Issan Ghazni welcomes the Home Secretary’s long-overdue announcement that Gary McKinnon will not face extradition to the US.
I have long campaigned for, and argued that, as Gary’s alleged crime was committed on British soil – a British judge should decide if he should face justice here in the UK. I have always been unequivocal that Gary McKinnon should not be extradited.
It was clear from the outset that he was too vulnerable to be uprooted from his family, friends and social environment to be sent to the US – if there was a case to answer it should be here in the UK.
After an unnecessary and tortuous experience lasting for 10 years –The Home Secretary has now finally stopped his extradition on the basis that it would be incompatible with his human rights – and let me tell you…I am absolutely delighted!
Most significantly, the Government has finally indicated a shift in its thinking and has committed itself to amending the US-UK extradition process.
What does this mean? Well, the long campaigned for and so-called “forum bar” is now to be introduced. This means that British courts can now decide to block a request for extradition if it is in the interests of justice to try the case here. By taking the matter out of the hands of the Home Secretary, overall transparency of our extradition arrangements will certainly increase and strengthen safeguards for defendants.
This is a major change in extradition law – campaigners and critics, including many leading human rights bodies, charities and MPs, are saying that this reform should have come sooner.
Shami Chakrabarti, Director of Liberty, has today said: “This is a great day for rights, freedoms and justice in the United Kingdom. The Home Secretary has spared this vulnerable man the cruelty of being sent to the US and accepted Liberty’s long-standing argument for change to our rotten Extradition laws.”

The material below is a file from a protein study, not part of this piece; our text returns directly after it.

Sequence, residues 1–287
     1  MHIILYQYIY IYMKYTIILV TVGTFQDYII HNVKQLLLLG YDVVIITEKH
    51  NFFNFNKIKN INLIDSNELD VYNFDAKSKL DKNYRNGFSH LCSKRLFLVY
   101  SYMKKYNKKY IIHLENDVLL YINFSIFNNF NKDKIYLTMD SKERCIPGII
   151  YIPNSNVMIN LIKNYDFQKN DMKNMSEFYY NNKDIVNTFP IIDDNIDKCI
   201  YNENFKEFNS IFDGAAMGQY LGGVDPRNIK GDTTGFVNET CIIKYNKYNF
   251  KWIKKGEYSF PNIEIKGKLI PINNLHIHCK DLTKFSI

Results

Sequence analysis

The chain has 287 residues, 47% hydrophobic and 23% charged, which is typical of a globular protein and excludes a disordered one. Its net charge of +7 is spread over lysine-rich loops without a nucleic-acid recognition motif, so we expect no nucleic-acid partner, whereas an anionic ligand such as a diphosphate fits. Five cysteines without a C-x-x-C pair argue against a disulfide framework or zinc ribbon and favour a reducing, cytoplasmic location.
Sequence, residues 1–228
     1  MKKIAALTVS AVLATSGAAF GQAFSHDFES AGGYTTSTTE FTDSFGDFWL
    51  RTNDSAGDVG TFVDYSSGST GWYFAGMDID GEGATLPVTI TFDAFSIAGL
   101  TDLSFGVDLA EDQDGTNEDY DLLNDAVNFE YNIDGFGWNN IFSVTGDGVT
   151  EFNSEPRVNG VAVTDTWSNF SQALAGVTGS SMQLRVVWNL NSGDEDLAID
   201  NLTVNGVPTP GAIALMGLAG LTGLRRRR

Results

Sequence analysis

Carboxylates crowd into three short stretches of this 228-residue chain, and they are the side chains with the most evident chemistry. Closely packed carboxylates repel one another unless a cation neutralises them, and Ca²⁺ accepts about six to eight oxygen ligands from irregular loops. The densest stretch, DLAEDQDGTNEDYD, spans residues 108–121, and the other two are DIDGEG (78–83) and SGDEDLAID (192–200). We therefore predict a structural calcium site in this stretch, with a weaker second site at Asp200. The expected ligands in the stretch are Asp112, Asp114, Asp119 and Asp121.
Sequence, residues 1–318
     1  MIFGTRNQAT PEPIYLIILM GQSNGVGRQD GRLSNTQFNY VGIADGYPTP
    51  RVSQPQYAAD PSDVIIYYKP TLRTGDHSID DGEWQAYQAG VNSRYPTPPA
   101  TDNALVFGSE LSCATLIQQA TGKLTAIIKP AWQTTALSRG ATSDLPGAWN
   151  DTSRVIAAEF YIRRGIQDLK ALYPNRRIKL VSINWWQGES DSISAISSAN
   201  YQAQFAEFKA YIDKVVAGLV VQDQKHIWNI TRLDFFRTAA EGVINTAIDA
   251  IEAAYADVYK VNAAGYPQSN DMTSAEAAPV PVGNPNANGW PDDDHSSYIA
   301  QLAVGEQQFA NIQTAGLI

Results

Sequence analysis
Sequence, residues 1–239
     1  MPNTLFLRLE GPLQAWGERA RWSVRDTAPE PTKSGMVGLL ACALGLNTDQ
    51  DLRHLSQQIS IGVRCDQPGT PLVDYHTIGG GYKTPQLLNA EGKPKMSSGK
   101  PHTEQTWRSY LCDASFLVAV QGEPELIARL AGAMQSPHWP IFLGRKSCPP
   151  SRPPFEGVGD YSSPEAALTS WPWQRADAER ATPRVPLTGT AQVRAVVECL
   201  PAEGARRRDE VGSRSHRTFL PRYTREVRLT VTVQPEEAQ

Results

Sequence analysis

There are however still inconsistencies in the way Teresa May has dealt with other cases. There are today accusations by supporters of Babar Ahmad and Syed Talha Ahsan who were both extradited to the US recently in a fanfare of publicity…they accuse the Government of “blatant old-fashioned racism”, pointing out the similarities in the cases as they were also using computers in the UK and the latter also has Asperger’s Syndrome. My view is though, warts and all…better late than never.
No room for complacency though…whilst I welcome the long-awaited reforms as refreshing and a starting point to putting justice and fairness back into our extradition laws, I would urge some caution. The devil will still be in the detail and the term ‘interests of justice’ is a bit woolly. Some experts on the blogosphere today have been arguing that judges are still likely to extradite unless the presumption is clearly set down that the onus is on the requesting state to prove trial should be abroad.
In addition, let’s not forget that Richard O’Dwyer still faces extradition to the US and the Home Secretary has confirmed that prima facie (basic case) won’t be extended. What a cop out! No citizen should never be extradited to stand trial in a foreign country without evidence being presented first in a British court to prove there is a basic case against them.
For the moment though, let’s savour the sweet taste of fairness and justice. I have been campaigning for changes in the UK-US Extradition Treaty for a while now, gathering a petition, speaking at conference fringe meetings, writing letters, lobbying our MPs and Peers, handing out leaflets and writing articles to create the political climate necessary for change. All the efforts of people up and down the country backing campaigns such as those led by Liberty’s ‘Extradition Watch’ should today be congratulated and encouraged to continue until we see a total rebalance of the Extradition Treaty.
That’s why I’ll be continuing with my petition.
For more information about my petition, please download my pamphlet.
You can sign the petition here.